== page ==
Rio, Trop Back in Play as Stadium Plan Bs for A’s — Report
Posted on: May 9, 2023, 01:11h.
Last updated on: May 9, 2023, 01:26h.
Three weeks after entering into a binding agreement to purchase 49 acres of Las Vegas Strip-adjacent land to build itself a new ballpark, the Oakland Athletics are reportedly having second thoughts. According to a scoop by the Nevada Independent, the MLB team has reactivated negotiations with the owners of two other Las Vegas stadium sites it previously rejected.
According to The Independent, the A’s are back in touch with the owners of the Rio Hotel & Casino, which had previously offered the team 22 of the resort’s 90 acres for only one dollar. The A’s reportedly passed on that deal due to concerns about traffic access. The Rio sits on more than 88 acres of land, 22 of which it considers excess. A baseball stadium would require just 10-12 acres.
Also apparently back on the stadium-site table are the 34 acres that currently house the Tropicana Las Vegas. The land is owned by a real estate investment trust called Gaming and Leisure Properties and leased by Bally’s Corp. This complicates the deal since both entities would need to come to agreements before a sale could be made.
Another potential negative would be the required implosion of one of the Strip’s oldest remaining resorts. The Tropicana opened in 1955, though most of its current property dates back to expansions in the ’70s and ’80s.
It Ain’t Over ’til It’s Over
If this should turn out merely to be a negotiating tactic to extract the best deal possible from Red Rock Resorts, with whom the A’s entered the binding agreement for its former Wild Wild West site, then that should surprise no one. According to Oakland’s mayor, Sheng Thao, the ballclub only pretended to negotiate with its hometown city for the same purpose.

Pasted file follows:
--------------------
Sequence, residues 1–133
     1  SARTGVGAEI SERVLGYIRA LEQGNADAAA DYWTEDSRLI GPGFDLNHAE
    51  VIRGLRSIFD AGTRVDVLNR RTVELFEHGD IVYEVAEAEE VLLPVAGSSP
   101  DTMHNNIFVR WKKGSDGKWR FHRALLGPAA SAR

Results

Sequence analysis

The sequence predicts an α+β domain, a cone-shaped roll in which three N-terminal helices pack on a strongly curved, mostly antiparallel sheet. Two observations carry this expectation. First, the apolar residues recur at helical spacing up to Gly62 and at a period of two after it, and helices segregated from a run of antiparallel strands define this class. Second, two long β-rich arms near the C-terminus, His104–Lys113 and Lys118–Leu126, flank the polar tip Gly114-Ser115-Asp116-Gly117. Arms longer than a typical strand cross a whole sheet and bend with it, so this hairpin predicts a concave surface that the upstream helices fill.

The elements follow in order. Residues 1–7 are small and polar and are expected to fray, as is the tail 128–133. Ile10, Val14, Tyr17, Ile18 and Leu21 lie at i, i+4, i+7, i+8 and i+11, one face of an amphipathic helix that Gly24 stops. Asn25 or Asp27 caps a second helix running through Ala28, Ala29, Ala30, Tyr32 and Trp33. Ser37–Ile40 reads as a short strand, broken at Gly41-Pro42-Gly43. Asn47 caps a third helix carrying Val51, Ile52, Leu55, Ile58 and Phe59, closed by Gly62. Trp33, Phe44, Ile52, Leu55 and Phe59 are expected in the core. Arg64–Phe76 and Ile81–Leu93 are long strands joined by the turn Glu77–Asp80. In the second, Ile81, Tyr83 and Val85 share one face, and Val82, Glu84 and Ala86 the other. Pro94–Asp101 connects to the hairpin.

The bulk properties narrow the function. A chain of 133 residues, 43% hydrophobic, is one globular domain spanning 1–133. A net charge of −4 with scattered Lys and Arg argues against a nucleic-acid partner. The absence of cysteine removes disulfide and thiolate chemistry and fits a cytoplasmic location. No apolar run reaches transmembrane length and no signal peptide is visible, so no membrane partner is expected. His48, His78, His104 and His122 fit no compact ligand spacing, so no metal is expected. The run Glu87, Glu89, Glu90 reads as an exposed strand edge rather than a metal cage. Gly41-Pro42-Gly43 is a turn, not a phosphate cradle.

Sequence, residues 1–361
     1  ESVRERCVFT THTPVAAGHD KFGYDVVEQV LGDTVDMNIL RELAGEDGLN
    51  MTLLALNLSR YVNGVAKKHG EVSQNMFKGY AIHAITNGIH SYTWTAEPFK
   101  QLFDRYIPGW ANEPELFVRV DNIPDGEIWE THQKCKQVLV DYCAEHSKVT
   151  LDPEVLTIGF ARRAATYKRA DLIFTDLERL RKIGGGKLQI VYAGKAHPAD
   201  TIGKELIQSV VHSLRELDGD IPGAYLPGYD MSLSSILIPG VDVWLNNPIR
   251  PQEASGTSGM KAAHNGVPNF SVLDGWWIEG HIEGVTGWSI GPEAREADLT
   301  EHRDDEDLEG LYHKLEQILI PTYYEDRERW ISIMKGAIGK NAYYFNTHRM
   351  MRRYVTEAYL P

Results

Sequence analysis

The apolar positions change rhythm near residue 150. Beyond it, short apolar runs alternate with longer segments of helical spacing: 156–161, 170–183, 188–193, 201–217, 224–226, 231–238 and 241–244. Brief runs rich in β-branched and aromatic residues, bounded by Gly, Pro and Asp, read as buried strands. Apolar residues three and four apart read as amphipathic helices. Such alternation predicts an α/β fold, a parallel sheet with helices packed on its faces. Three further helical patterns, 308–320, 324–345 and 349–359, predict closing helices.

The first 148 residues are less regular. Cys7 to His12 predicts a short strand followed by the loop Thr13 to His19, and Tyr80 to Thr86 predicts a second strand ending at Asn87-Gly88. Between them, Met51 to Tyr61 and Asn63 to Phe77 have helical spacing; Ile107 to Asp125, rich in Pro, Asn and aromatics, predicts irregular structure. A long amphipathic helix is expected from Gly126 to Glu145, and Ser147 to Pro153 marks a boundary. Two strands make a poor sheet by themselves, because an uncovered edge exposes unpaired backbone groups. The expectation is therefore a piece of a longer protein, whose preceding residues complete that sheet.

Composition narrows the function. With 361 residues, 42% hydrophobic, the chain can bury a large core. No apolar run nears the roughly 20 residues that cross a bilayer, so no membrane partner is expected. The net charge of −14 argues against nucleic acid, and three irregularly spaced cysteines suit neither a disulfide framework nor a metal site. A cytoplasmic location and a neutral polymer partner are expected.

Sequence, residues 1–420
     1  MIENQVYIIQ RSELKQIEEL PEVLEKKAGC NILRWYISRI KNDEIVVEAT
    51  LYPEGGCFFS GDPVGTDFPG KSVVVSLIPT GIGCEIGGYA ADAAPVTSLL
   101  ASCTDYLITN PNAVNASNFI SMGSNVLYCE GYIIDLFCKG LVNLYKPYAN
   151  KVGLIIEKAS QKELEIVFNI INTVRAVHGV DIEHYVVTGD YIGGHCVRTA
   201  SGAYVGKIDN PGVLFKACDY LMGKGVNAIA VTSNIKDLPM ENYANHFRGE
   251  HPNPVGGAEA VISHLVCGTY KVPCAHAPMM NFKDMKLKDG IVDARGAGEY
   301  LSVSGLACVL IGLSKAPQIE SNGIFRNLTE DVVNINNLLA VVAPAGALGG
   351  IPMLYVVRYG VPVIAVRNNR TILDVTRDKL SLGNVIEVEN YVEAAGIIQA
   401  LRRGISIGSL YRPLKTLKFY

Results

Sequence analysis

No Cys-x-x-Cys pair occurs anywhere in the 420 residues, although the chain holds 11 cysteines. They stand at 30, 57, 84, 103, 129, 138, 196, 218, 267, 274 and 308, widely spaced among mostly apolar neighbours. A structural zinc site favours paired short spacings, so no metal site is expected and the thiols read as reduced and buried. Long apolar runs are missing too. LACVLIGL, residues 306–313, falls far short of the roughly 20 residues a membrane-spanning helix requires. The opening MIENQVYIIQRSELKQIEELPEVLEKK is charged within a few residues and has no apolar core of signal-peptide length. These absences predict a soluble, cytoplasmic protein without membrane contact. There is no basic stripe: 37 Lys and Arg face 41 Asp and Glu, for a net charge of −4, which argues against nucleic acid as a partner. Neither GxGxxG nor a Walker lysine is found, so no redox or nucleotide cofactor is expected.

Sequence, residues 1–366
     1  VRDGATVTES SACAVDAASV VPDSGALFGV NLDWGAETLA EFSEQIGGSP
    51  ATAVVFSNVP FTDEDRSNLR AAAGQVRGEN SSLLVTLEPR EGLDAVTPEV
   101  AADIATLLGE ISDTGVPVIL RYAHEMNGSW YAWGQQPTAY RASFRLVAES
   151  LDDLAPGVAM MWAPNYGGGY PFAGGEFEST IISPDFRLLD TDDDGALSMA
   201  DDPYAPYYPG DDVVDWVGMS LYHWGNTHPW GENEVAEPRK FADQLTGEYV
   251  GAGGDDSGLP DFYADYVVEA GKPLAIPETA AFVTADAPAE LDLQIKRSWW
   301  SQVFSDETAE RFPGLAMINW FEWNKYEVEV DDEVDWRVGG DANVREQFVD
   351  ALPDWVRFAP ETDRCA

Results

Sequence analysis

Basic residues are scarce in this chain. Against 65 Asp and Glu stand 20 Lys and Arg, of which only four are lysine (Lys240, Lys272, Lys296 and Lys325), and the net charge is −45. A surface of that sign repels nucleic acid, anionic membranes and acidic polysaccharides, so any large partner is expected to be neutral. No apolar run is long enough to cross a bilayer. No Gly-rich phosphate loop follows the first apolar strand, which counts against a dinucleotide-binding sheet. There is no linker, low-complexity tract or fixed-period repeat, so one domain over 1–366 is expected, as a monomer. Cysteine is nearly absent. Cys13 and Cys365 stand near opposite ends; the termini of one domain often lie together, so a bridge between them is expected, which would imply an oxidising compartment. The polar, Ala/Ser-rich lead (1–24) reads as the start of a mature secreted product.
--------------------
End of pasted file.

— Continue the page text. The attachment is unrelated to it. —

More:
One site no longer under consideration is the 37-acre Las Vegas Festival Grounds on the northern end of the Las Vegas Strip. According to the Independent, casino magnate Phil Ruffin, owner of that land and the adjacent Circus Circus, emailed the website, stating that he broke off negotiations “because there were too many issues I couldn’t agree to.”
Currently, this site is enjoying a boon in annual music festivals, such as last weekend’s Lovers & Friends, that no doubt undermines the team’s negotiating position.
Clock is Ticking
With the Nevada Legislature’s session ending June 5, the clock is ticking on the passage of a tax bill that would give the A’s the $500 million they seek to build a $1.5 billion, 35,000-seat stadium with a retractable roof and entertainment complex. The bill would funnel money created by a special tax district around the stadium into a fund that would pay back public bonds issued by Clark County.
According to Nevada Senate Majority Leader Nicole Cannizzaro, the delay on a vote is the A’s own doing.
“We haven’t gotten anything concrete yet of exactly what it is that they’re looking for, or what they would like us to take a look at,” Cannizzaro told the Independent. “So it’s tough to have conversations about what exactly we may or may not do, and time here is finite.”
If the session closes without a vote, an emergency session could be called, though the Independent reports that no requests have been submitted as of yet.
The A’s current lease in Oakland expires in 2024, meaning it would be 2025 before the team could play in another city. A temporary venue would likely be needed in Las Vegas before opening a new ballpark.
Las Vegas would be the fourth home for a franchise that started as the Philadelphia Athletics in 1901, lasting there until 1955 before moving to Kansas City, where they stayed before relocating to Oakland in 1968.
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